Kate Flora here, about to say something that’s going to make you not like me very much. I am in Florida. Yeah. I feel guilty every time I say that to someone who is still back home suffering in the cold and snow. But as I’ve written here before, sometimes you have to go away to be able to see what’s around you. And sometimes writers have to shift their locations to refill their imaginations, tune up their powers of observation, and collect some new characters for the books that wait down the road.
We’ve been spending the month of March in Florida for a few years. This year, we decided to drive instead of fly, and that has been a very interesting experience. The first stop was in Philadelphia, where we visited with my friend, artist Barbara Schaff http://www.barbaraschaff.com. I met Barbara when we were both fellows at the Virginia Center for the Creative Arts, http://www.vcca.com. VCCA is an incredible place for writers, artists, and composers to have undisturbed time to concentrate on their work. Fellows get meals and rooms and studios and weeks on a gorgeous Virginia farm to do nothing but practice their craft. (During one residency, I wrote 163 pages in 11 days!) Barbara and I bonded over an illicit lunchtime martini and became fast friends.
After showing us her condo, which would make any sentient being green with envy (art, pottery, color, taste, sunlight, quiet), she took me and my husband Ken downstairs, where her building has an amazing amenity: Garces Trading Company restaurant http://philadelphia.garcestradingcompany.com on the ground floor. More martinis, happy hour bites including flatbread pizzas and boar meatballs that were off the chart amazing.
For those of us who live pretty far from urban settings or many good restaurants, this was fabulous. Watch the well filling with art, downtown Philly architecture, food.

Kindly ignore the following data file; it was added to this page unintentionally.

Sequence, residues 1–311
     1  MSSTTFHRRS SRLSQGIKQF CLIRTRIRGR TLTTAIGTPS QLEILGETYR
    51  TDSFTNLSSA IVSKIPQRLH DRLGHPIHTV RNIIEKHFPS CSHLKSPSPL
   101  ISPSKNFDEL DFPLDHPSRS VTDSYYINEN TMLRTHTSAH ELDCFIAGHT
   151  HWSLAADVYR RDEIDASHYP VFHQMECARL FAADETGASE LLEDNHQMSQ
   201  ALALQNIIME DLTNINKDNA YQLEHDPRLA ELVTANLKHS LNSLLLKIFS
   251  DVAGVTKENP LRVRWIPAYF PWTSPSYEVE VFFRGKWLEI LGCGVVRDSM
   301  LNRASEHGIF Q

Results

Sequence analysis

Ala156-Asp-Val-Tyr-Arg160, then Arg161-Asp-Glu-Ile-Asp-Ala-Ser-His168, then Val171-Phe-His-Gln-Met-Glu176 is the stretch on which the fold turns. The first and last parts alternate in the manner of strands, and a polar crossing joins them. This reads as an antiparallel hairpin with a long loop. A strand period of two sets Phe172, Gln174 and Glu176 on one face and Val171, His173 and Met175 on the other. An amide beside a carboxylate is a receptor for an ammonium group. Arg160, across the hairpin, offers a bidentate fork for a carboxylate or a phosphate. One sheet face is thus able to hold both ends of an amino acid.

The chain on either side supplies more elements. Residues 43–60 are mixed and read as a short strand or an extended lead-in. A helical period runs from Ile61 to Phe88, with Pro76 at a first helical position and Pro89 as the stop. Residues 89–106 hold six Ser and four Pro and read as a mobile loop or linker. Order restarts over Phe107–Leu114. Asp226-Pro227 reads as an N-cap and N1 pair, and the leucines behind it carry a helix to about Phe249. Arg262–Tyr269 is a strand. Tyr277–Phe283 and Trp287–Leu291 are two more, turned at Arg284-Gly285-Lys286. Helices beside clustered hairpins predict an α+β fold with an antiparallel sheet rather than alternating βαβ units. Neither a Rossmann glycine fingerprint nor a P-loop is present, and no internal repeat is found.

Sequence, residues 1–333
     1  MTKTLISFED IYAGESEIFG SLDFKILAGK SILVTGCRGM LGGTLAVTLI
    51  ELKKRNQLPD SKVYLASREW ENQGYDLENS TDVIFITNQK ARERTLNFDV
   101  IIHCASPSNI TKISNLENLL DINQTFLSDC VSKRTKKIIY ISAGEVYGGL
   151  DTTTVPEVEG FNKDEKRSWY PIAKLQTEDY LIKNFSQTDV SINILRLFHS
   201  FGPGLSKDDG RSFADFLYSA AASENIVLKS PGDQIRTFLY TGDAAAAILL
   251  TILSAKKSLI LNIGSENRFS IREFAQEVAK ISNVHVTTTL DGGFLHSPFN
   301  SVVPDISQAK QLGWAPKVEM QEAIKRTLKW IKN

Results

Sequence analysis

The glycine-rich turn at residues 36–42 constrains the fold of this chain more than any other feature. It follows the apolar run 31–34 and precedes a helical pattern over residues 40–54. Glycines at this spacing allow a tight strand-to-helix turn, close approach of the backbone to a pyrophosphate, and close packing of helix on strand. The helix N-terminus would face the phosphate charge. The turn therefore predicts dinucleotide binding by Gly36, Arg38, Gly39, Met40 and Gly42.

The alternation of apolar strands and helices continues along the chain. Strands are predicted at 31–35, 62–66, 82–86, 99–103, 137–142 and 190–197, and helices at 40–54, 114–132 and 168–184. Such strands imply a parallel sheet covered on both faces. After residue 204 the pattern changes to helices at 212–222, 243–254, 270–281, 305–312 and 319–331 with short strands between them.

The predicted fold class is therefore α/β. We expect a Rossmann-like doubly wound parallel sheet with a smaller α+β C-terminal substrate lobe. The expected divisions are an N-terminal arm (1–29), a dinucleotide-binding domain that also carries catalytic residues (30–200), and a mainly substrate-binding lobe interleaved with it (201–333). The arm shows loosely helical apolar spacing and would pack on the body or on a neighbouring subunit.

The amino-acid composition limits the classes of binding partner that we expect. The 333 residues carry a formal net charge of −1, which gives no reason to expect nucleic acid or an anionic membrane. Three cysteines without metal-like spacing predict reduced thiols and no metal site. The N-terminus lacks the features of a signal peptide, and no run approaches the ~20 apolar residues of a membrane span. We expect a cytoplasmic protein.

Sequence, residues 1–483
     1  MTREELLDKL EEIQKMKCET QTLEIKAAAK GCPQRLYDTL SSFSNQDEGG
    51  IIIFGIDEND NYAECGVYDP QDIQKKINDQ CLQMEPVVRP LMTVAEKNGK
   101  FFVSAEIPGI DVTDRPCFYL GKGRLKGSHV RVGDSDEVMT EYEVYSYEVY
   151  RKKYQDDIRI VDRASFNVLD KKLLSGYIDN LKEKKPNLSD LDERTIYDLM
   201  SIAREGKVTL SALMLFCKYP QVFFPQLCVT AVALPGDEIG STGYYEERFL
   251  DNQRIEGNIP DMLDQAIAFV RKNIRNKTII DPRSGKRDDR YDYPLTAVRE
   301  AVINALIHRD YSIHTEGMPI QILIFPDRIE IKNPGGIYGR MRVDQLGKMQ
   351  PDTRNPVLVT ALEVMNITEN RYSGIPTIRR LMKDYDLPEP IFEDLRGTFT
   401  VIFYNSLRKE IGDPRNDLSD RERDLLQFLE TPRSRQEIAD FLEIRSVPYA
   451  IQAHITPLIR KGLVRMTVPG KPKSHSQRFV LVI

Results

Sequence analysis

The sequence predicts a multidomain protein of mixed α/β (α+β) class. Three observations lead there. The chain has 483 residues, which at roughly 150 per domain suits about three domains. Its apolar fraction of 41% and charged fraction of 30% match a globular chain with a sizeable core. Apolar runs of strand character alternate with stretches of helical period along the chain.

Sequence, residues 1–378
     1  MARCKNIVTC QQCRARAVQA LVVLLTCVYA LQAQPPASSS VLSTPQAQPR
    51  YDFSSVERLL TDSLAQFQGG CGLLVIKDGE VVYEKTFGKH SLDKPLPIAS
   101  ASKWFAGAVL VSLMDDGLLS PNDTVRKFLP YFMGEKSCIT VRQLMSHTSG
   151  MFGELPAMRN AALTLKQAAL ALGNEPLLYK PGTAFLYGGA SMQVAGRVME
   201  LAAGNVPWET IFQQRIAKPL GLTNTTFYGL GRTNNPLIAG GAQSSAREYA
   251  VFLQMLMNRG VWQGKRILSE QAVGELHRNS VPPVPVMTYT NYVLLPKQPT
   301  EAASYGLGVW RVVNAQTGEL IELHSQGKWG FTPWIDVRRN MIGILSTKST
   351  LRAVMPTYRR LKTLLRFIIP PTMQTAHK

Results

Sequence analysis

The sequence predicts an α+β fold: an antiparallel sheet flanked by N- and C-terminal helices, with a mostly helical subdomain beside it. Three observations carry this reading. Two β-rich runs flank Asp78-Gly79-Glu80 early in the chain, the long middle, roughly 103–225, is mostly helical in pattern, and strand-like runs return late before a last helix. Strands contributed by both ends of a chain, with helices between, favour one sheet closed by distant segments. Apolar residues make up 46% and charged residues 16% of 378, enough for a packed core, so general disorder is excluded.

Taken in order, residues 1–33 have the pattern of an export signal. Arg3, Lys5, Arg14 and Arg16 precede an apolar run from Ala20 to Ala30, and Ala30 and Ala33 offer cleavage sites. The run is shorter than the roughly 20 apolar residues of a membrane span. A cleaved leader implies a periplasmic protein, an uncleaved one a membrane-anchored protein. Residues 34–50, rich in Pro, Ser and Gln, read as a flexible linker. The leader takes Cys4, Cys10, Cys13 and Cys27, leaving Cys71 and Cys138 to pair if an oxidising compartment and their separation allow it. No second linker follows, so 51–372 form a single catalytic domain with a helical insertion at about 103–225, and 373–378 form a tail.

Then we scooped up my husband’s high school buddy, a Philadelphia lawyer, and went to his house, where I learned how to actually pronounce Bala Cynwyd. (It’s kinwid, btw) Some hours of reliving high school stories and then out to dinner at a local restaurant, Al Dar Bistro. The food was fine, the company great, but what stood out was how our host and hostess knew everyone in the restaurant. First, the staff, including their background and stories. Then pretty much everyone in the room. You might expect it in a small town diner. It was unexpected here. And doesn’t that lend itself to a scene in a book? Watch the well fill with how old friends interact. With the ambiance and camaraderie of neighborhood restaurants.
Onward from snowy Philadelphia south to Charlotte, North Carolina, for a quick visit with our younger son. An elevator ride up to our hotel room with a group of Germans who were embarrassed when my husband addressed them in German. It’s easy to assume that Americans know no other languages. The city was stuffed with people there for a basketball tournament. Last time, it was people there for NASCAR. Given that our son will be in his Ph.D. program for about five years, we’re going to have a lot of time to observe North Carolina. It was 8 degrees when we left New England. Eight degrees when we left Philadelphia. A balmy 14 or so when we left Charlotte and headed into South Carolina. Watch the well fill with religious billboards and huge ads for gun shows. With ethnic diversity and the beaming woman behind the desk in that golden jacket holding her tiny, pink-blanket-wrapped grand baby.
On that part of the route, two things were striking. First, people stayed in the right lane except to pass unless they were from New York. Who ever saw that happen? Second, as a result of the ice storm, the roadsides were devastated. Snapped-off trees, a chaos of broken branches, and trees bent nearly to the ground. As we drove, we watched the thermometer climb. Up to 30, then 32, and then to dizzying heights in the 40’s. Then, suddenly, shortly before the Georgia border, there was green grass in the median. Watch the well fill with changing seasons, with the physical impact of a devastated landscape.
When I notice these things, I think about the differences in my characters. Joe Burgess is a close observer of the natural world; Thea Kozak has taught herself to be an observer of people. Both wonder about human psychology. Both use the cues in their environments.
For the next few weeks, I’ll be sitting at a different desk. Typing on the same keyboard. Reworking a novel that I love that has never quite worked. Son and wife and 5-year-old and skittish hound Daisy will visit. Cousins will visit. Good old friends will visit. My sister-in-law will visit. Back home in Maine, the first baby in the next generation has been born and I’ve become a great aunt.
And then I will drive home, again charting the changes in the season, the ads on local billboards, the driving habits and bumper stickers of the people we pass. I will have a bunch of new characters, habits, and voices for my stories. And I will probably not have a tan.